Like thousands of other people in Southern California, Fred Paredez has seen the 1,760 giant yellow umbrellas displayed by the artist Christo along Interstate 5 in Tejon Pass.
But Paredez watches them only at night.
"It's not the prettiest time to see the umbrellas, but some strange things happen here at night," said Paredez, head of the night security team for the Umbrellas Project.
Paredez oversees about 80 employees who guard the umbrellas from 6 p.m. to 6 a.m. daily. Of those, about 72 stand guard near clusters of umbrellas while others, including Paredez, patrol the area in four-wheel-drive vehicles. They stay in contact via walkie-talkies.
The project is paying nearly $1 million for security, including about $214,000 in overtime costs for the California Highway Patrol, as well as about $100,000 each to the sheriff's departments of Los Angeles and Kern counties for traffic and crowd control, said Tom Golden, director of the American half of the Umbrellas Project.
The rest of the project is in Japan, where no security is needed, Golden said.
During the day, the umbrellas are guarded by 75 to 100 monitors, many of whom are artists, students and professionals who may have taken time off from better-paying jobs to aid Christo for a few weeks.
"They are more like docents in a museum," Golden said. The monitors were hard-pressed Sunday as the largest crowds since the opening of the exhibition jammed roads in the area, causing a five-mile backup on Interstate 5.
But by night, the crowds have disappeared and the monitors are replaced by Paredez and his crew, tough-talking men who work for Christo because the pay is better than harvesting almonds and the construction industry is slow.
The night crew fields few questions about art. Instead they deal with everything from vandals and thieves to fires and wind. In the wee hours of Sunday morning, for instance, when winds were gusting to 55 m.p.h., they quickly cranked about 100 umbrellas closed near Grapevine and in the hills above Gorman.
That same morning, Ray Geniessee of Bakersfield found a couple having sex under an umbrella near Lebec Road.
"They didn't notice me so I walked away and waited until they were done and then I asked them to leave," said Geniessee, 26. "They were pretty embarrassed. They weren't doing any harm. But I was afraid they were going to have a cigarette afterwards and start a fire."
Armed only with shovels and flashlights, the guards are trained to avoid confrontation.
"A drunk began waving a pistol after I told him to move his pickup truck" from private property near Grapevine, said Vincent Blanco, 50, a weathered construction worker from Brownsville, Tex.
"He didn't point it at me. I think he just wanted to show it off," Blanco said, laughing. "I walked away calmly and then called for help. But he took off fast. I think he just wanted his girlfriend to think he was bad."
Despite the extensive security, there has been minor vandalism. People have scratched their names and initials on umbrella posts. Another time, someone pasted beer labels on the fabric of an umbrella.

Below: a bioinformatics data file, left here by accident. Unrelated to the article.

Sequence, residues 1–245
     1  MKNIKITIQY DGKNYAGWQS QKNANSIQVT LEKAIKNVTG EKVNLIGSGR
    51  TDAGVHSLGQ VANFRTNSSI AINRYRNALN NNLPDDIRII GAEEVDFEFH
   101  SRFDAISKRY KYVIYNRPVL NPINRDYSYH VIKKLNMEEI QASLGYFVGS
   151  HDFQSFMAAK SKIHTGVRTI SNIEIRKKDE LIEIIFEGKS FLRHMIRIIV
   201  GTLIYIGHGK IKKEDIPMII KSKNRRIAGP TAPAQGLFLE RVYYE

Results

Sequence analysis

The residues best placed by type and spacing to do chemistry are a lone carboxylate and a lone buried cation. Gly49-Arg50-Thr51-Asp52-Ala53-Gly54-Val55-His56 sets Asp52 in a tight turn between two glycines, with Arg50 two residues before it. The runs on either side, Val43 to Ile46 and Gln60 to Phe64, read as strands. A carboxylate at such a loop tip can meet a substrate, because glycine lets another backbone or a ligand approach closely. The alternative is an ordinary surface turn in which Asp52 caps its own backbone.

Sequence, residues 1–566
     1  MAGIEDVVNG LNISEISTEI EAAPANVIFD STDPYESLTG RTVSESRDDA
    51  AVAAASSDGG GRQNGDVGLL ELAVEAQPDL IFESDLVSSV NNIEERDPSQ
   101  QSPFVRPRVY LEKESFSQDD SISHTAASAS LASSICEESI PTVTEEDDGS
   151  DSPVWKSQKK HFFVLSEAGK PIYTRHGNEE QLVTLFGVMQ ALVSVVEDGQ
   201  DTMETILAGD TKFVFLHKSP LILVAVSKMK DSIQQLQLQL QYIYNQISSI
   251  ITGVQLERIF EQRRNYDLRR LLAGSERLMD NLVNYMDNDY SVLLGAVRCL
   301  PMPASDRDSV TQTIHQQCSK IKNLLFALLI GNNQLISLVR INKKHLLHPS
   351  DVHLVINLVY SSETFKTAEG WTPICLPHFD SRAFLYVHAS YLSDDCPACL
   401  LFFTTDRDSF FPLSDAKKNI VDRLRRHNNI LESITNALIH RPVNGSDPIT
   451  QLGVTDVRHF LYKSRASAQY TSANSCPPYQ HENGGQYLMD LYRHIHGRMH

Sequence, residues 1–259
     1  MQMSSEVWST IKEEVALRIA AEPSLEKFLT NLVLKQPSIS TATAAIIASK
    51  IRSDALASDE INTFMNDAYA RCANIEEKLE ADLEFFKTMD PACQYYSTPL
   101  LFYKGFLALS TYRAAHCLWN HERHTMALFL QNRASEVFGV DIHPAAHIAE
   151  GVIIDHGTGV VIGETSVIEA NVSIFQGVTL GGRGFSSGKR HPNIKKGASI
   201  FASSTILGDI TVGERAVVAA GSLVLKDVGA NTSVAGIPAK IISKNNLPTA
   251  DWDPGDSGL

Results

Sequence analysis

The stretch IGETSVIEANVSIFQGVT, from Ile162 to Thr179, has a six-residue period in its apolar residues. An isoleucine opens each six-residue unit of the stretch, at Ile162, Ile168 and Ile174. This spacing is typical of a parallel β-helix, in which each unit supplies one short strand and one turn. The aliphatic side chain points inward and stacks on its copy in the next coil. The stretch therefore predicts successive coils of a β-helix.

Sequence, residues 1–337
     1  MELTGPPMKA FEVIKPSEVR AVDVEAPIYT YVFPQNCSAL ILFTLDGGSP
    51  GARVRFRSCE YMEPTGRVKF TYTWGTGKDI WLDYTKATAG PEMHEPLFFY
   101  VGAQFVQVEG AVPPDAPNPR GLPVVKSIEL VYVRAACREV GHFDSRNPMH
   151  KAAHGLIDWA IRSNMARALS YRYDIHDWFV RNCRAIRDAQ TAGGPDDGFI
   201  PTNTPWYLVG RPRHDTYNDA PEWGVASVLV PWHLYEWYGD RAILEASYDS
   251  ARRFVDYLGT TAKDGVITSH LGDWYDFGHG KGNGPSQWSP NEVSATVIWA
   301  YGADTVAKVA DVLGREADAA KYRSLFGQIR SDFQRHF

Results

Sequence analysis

Several men tried unsuccessfully to tear down an umbrella near Grapevine and put it in a flatbed truck, Paredez said. But they got nervous and fled before police came, he said.
"We had seen them hanging around there, acting suspiciously. The CHP were already on their way," Paredez said.
In addition to human mischief, monitors must also deal with coyotes, rattlesnakes and nature itself.
"Vandals may only damage a couple of umbrellas, but a fire could take out hundreds," Paredez said.
Night monitors, who joke that the only violent confrontations involve rattlesnakes, try to outdo one another with snake stories.
Ruben Carillo, 35, proudly boasted of killing a 3 1/2-foot rattlesnake with a shovel Friday. "It was a big one, as thick as a man's leg," he said in Spanish.
His friend, Pablo Gomez, 51, plans to make the carcass into a belt, he said, "after I eat all the meat."
Times staff writer Tracey Kaplan contributed to this article.
Artist Christo's latest temporary outdoor art project, "The Umbrellas," is on display through Oct. 30. Here is some help in viewing:
Where: Along Interstate 5 for 18 miles north from intersection of California 138 to the bottom of the Grapevine in the San Joaquin Valley.
Directions: Take Interstate 5 north from Los Angeles, about 60 miles from downtown.
Turn-arounds: At Quail Lake Road, Gorman, Frazier Park, Lebec and Ft. Tejon exits.
Viewing areas: Designated along the freeway and on Gorman Post, Lebec, Digier and Grapevine roads.
Best viewing times: Daylight hours, although a few umbrellas along the highway and at rest stops--especially in Gorman--are lit well enough to be viewed at night. The sun rises today at 6:54 a.m. and sets at 6:25 p.m.
Traffic report: Traffic volume was 150% above normal along Interstate 5 through the Grapevine on Sunday. During the peak about 2 p.m., cars were backed up about five miles at the northbound exits at Gorman and Frazier Park, state Department of Transportation officials said. Traffic along county roads in the area was also congested with tourists, according to the California Highway Patrol. Traffic is expected to return to normal levels on the freeway and side roads today. No reports of slowing on alternative routes.
Alternative routes: To avoid traffic delays caused by the project, take U. S. 101 north or California 14 to California 58 to Bakersfield.
Lodging: None available. All motel and hotel rooms are booked for duration of the event. Some campsites may be available.
Hints: Wear comfortable walking shoes, sunscreen and a hat. Carry food and water.
Additional details: Available at an information center in Gorman.